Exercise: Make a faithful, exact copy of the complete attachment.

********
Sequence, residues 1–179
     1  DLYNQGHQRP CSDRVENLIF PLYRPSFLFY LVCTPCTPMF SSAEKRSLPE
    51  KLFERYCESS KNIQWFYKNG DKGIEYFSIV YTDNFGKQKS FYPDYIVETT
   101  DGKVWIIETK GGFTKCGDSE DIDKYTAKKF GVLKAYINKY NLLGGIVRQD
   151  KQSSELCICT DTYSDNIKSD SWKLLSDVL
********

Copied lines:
Sequence, residues 1–179
     1  DLYNQGHQRP CSDRVENLIF PLYRPSFLFY LVCTPCTPMF SSAEKRSLPE
    51  KLFERYCESS KNIQWFYKNG DKGIEYFSIV YTDNFGKQKS FYPDYIVETT
   101  DGKVWIIETK GGFTKCGDSE DIDKYTAKKF GVLKAYINKY NLLGGIVRQD
   151  KQSSELCICT DTYSDNIKSD SWKLLSDVL